Our initial method of creating fingers for robot and prosthetic hands was very simple and it didn't require any complex tools (silicone sheets were stitched onto the rigid phalanges with simple needles). The main disadvantages of this method are: 1) the process isn't automated, 2) the aesthetic aspect of the finger is not optimal (i.e., it doesn't feel like a product), 3) the finger cannot easily accommodate extra parts (e.g., sensing elements or other electronics). For these reasons we searched different fabrication methods for developing hands based on flexure joints.
Recently Ma et al  proposed a new methodology that is called hybrid deposition manufacturing (HDM). HDM combines additive manufacturing (AM) with multi-material deposition and embedded components in order to produce robotic, mechatronic, and other articulated mechanisms.
Using the HDM approach for our prosthetic fingers we can embed inside them a wide range of electronics, like force sensors, flex sensors or even NFC tags that will facilitate interactions with other electronic devices. Of course the new design has the disadvantage that it requires more complex tools and is slightly more expensive.
Figure 1. The mold and the 3D printed finger base.
Figure 2. The mold opened. The new finger design is also depicted.
Figures 3. Fingers created with the HDM technique using different colors. As it can be noticed the proximal is now a pin joint, in order to reduce the effect of the torsional forces in the finger configuration and the out of plane motion of the finger.
The proposed design can be based on the human hand model. For now we use a ready model in SolidWorks. In the future we plan to use a 3D scanner (e.g., kinect, project soli, etc.) to reconstruct the intact hand of amputee, derive the mirror hand and build a personalized prosthesis.
To use this new design in SolidWorks, you can download the files form here. When you open the .sldASM files, SolidWorks will ask for the missing parts. These parts can be found in the following 3D model. A future direction of ours is to make the HDM design parametric and migrate it to FreeCAD, as we did for the initial design.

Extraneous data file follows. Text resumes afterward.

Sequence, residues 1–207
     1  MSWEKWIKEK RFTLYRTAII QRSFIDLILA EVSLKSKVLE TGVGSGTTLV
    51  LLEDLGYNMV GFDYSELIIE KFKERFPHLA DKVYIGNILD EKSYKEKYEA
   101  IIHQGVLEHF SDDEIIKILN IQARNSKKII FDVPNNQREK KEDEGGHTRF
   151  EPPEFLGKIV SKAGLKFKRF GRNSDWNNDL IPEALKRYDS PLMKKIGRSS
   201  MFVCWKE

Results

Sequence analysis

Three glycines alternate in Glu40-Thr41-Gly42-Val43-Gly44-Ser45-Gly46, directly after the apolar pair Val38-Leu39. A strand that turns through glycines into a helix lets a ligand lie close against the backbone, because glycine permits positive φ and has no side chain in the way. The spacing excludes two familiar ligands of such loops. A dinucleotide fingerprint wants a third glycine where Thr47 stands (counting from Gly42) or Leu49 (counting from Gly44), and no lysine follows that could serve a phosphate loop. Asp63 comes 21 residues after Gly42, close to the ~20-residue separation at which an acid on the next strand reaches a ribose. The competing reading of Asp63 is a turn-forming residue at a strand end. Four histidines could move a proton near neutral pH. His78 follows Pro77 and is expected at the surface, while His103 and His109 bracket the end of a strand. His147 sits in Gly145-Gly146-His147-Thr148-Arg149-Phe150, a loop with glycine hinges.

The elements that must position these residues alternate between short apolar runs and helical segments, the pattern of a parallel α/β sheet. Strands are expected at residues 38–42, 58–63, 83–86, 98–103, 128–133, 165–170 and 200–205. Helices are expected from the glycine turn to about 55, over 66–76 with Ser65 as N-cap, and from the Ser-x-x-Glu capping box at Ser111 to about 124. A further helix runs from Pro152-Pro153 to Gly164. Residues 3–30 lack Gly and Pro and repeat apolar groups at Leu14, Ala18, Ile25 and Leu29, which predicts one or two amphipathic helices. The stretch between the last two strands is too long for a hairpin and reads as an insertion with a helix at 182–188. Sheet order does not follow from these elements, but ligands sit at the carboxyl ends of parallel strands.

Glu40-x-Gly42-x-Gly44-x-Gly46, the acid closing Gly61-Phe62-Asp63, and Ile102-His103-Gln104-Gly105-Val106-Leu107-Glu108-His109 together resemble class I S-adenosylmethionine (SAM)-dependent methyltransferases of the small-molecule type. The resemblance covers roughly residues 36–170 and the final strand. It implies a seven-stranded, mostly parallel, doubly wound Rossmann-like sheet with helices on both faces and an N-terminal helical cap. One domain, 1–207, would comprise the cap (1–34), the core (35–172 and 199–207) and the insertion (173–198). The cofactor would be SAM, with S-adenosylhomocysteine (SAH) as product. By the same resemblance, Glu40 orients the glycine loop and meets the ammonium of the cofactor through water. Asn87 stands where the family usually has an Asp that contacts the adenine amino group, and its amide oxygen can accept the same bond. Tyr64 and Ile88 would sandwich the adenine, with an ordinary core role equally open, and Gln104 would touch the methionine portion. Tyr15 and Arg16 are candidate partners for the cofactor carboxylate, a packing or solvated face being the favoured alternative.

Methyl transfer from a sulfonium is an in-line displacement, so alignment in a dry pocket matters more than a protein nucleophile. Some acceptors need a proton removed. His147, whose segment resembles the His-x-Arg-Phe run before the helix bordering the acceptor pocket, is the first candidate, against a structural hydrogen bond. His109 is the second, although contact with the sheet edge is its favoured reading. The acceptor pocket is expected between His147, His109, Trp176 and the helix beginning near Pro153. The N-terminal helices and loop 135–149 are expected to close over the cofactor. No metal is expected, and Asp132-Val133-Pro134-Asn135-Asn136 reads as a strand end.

It must be noted that the new fingers are completely modular. We want amputees to constantly use our hands and we hope that they will break them. We expect that the most frequent damages will happen to the fingers that can be easily replaced. After all the design is so affordable that each user may have several spare parts. In the following figure we present a preliminary design of the new palm, that will accommodate the new HDM fingers (the differential mechanism has not been incorporated yet).
Figure 4. A preliminary version of the HDM design palm.
As depicted the build of materials are:
* paint of the desired color
* liquid polyurethane (PMC 780)
* cotton swabs
* paper tape
* NFC tags
The necessary tools are:
* a weighting scale
* a vacuum chamber
* plastic cups to mix the two liquid silicone parts.
Figure 5. Some of the tools required for the replication of the HDM based prosthetic fingers. A weighting scale, the NFC tags, paints of different colors, cottons swabs (that are used for the tubes), packages of polyurethane (PMC 780) and plastic cups are depicted.
As we have already mentioned, with the HDM process we are able to embed inside the finger various electronics like a set of NFC tags. We had the idea to do this, when we read a Hackaday article regarding near field communications.
Figure 6. The left part of the mold, the 3D printed finger base, the low-friction tubes and the NFC tags are depicted. One NFC tag is used for each phalanx of the finger.
The NFC ready fingers can be programmed to interact with various electronic (NFC ready) devices. For example the amputee may touch his smartphone with the index finger of the prosthetic hand to open a specific application or with the middle finger to tune the radio to his favorite station. More details on how to program NFC applications for android based devices can be found here.
The new finger design performing unconstrained flexion, can be found at the following video:
Exemplar applications of the NFC ready fingers, can be found at the following video:References
 Raymond R. Ma, Joseph T. Belter and Aaron M. Dollar, "Hybrid Deposition Manufacturing: Design Strategies for Multi-Material Mechanisms via 3D-Printing and Material Deposition", Journal of Mechanisms and Robotics, 2015.